Friday Five: 3/8 Edition
The NSA open sources a reverse engineering tool, Chinese hackers hit US universities, and a Chrome zero day - catch up on the week's news with this roundup!
1. The NSA Makes GHIDRA, A Powerful Cybersecurity Tool, Open Source by Lily Hay Newman
Seemingly all of infosec Twitter rejoiced Tuesday night, shortly after 7 p.m. EST, when the NSA open sourced Ghidra, a previously classified software reverse engineering framework. Rob Joyce, the NSA's senior cybersecurity adviser, previewed the tool shortly before it was released in a session at the RSA Conference in San Francisco. While there are plenty of tools out there that can reverse engineer applications, very few of them are free and readily available on GitHub. In the eyes of Joyce, few of those tools have seen the exhaustive development that Ghidra, which the NSA has used in real time scenarios, either. For all intents and purposes, the tool has been a hit in the community with experts like Dave Aitel and Google's Tavis Ormandy heaping praise on it.
2. Chinese hackers targeted US universities in pursuit of maritime military secrets: report by Lucia I. Suarez Sang
The second major hacking scoop via WSJ this week – after its Iranian hackers story – involves a gang of Chinese hackers who have apparently been pillaging universities, many in the U.S. but some in Canada and Southeast Asia, in pursuit of sensitive technology data. In a series of attacks dating back almost two years, the campaign targeted submarine program code and research on undersea technology. Central to the research, scheduled to be published by Accenture's iDefense next week, is that all of the universities were working with Woods Hole Oceanographic Institution, a research and education nonprofit located in Woods Hole, Mass. Woods Hole, for what it’s worth, says it has no evidence it was compromised.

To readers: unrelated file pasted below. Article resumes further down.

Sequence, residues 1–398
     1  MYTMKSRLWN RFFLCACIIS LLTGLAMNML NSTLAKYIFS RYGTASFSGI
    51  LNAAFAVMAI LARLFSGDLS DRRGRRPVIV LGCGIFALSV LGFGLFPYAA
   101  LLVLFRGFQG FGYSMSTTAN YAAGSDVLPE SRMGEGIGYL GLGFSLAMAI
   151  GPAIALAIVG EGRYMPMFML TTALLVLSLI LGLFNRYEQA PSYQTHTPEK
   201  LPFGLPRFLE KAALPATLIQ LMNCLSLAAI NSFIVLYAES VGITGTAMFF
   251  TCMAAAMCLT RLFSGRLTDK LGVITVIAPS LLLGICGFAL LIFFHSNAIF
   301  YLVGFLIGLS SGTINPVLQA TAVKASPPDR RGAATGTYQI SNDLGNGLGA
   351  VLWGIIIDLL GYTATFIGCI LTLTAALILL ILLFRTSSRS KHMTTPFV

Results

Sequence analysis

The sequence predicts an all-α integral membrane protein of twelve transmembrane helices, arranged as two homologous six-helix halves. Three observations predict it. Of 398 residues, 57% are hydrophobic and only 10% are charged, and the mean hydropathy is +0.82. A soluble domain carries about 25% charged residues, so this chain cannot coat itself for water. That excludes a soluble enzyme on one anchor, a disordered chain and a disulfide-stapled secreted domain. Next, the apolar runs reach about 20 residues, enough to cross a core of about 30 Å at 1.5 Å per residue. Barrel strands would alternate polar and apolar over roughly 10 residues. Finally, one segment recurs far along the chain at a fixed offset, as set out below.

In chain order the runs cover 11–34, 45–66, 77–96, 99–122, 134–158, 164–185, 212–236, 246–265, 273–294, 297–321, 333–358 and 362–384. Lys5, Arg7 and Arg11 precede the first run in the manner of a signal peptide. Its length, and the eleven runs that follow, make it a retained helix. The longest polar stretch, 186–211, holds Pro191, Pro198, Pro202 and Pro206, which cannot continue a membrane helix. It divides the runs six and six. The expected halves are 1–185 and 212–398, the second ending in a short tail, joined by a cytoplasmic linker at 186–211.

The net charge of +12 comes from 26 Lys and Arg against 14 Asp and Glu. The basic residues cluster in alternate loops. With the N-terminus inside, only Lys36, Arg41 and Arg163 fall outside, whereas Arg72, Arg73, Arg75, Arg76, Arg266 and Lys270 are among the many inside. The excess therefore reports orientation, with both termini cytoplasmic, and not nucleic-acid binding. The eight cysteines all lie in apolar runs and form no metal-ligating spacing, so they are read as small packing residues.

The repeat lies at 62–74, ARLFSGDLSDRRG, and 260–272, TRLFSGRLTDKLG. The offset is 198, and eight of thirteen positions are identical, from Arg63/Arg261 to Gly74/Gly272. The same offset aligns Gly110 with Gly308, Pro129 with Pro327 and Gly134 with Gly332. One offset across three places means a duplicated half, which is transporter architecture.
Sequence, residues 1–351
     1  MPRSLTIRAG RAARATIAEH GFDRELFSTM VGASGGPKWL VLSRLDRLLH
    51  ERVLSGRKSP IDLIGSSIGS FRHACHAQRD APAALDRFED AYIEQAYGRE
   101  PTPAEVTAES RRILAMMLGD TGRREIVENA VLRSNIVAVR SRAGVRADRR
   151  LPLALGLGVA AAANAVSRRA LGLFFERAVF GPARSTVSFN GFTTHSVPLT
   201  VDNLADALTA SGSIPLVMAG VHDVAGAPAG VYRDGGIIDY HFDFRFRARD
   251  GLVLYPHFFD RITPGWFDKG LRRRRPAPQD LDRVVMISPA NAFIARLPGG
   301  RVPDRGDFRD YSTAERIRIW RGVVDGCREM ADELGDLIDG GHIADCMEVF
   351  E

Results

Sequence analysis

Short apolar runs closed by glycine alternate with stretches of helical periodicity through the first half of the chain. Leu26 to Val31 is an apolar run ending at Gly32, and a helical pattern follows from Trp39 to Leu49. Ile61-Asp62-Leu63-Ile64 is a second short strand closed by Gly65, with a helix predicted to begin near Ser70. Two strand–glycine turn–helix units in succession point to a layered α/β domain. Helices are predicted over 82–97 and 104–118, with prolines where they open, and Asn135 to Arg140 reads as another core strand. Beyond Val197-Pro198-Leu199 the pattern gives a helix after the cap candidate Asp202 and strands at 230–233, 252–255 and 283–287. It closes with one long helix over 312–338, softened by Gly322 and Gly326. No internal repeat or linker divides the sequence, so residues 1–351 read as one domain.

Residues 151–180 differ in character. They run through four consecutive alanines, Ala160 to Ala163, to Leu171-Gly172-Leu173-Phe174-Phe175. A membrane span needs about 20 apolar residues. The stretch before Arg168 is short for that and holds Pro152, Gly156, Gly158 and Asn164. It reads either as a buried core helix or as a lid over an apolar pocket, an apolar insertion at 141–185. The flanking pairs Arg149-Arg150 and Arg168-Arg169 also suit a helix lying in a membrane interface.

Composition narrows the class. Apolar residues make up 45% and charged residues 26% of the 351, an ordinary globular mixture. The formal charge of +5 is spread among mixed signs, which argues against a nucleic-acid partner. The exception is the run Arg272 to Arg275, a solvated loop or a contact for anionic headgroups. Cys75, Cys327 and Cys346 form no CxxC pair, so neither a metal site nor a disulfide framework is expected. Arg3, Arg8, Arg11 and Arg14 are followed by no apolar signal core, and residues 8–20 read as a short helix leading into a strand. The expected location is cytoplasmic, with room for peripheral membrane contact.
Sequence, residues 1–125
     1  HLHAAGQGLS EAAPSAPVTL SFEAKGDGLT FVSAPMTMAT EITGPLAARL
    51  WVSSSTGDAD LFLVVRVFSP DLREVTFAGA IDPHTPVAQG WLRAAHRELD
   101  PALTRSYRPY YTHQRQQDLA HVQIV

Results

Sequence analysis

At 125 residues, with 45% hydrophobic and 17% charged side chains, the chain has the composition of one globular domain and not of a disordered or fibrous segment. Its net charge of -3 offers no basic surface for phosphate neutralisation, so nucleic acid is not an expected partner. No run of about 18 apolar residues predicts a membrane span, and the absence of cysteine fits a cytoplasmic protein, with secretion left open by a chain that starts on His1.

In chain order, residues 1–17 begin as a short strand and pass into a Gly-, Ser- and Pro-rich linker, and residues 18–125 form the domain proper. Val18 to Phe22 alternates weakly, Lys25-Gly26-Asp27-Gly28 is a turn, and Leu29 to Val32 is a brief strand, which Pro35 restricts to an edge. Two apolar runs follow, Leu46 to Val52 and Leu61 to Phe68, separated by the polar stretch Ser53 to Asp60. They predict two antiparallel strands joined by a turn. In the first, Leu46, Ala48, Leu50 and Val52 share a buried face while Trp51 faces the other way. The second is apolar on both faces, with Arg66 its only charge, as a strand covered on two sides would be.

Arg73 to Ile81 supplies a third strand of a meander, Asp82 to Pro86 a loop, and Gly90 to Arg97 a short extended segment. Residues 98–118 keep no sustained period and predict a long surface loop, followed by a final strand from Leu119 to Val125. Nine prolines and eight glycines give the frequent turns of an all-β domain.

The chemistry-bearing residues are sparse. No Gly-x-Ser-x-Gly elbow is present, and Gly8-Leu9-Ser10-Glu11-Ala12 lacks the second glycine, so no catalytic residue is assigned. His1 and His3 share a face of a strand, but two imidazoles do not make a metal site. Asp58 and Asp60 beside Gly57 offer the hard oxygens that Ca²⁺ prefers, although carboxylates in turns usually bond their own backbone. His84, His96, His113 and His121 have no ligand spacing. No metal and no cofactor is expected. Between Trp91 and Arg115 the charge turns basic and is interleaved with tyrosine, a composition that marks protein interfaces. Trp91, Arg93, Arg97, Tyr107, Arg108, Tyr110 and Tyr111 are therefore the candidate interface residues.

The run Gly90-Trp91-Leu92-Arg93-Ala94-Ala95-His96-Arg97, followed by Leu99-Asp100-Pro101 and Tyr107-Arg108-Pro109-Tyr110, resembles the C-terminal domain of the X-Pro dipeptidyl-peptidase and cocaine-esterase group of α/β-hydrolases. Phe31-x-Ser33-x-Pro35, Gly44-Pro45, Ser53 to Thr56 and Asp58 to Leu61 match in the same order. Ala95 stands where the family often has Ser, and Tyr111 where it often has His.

3. New Google Chrome Zero-Day Vulnerability Found Actively Exploited in the Wild by Mohit Kumar
Most Google Chrome users have the browser configured to automatically update every time there's a new release, something that happens almost weekly. If you're one of the few who don't, hopefully you saw this story and heeded the advice of experts this week. A nasty use-after-free vulnerability (CVE-2019-5786) in the browser, one that could lead to remote code execution attacks, was discovered and patched by the Chrome security team recently. Chrome rolled out a fix last Friday in update 72.0.3626.121 but that the fact the bug was actually being exploited in the wild, something stressed by Google employees this week, caused the story to get a lot of play over the last several days. Details on the bug should come to light in about 90 days, as is customary for vulnerability disclosure for the company; here's hoping everyone has patched by then.
4. Alphabet’s Chronicle finally reveals its cybersecurity moonshot by Rachel England
We’ve mentioned before here how rare it is to include product news in this space but sometimes news is so interesting and is commands headlines so that it’s almost impossible. That’s the case this week when Alphabet, Google’s parent company, announced at RSA that its cybersecurity company, Chronicle, was set to debut Backstory, its first product, a global, cloud-based telemetry platform. A la Splunk, the SIEM can comb through vast storage, indexing, and search capabilities to trace a malicious attack. While Chronicle's CEO Stephen Gillett categorized the product as "distinctly not Google," Backstory is obviously going to have a veritable treasure trove of data at its fingertips. Google, unlike a lot of companies, isn't going to have any difficulty parsing through and managing that data over a long period of time.
5. Locking More Than the Doors as Cars Become Computers on Wheels by Jim Motavalli
Last on the docket: a fine recap of car hacking trends over the last decade or so via The New York Times. Yes, Chris Valasek and Charlie Miller's Jeep Cherokee hack is in there. It also drills into efforts made by automakers of late to remedy issues, even if they're largely kept in the background. A handful of not so popular private firms, like Upstream Security in Israel, and Kugler Maag Cie, that are working to bolster automotive security, are mentioned throughout. The best line, even though it's a little on the money, comes via Ron Plesco, a principal at KPMG Cyber Security Services: "Car thieves used to have crowbars; now they use laptops.”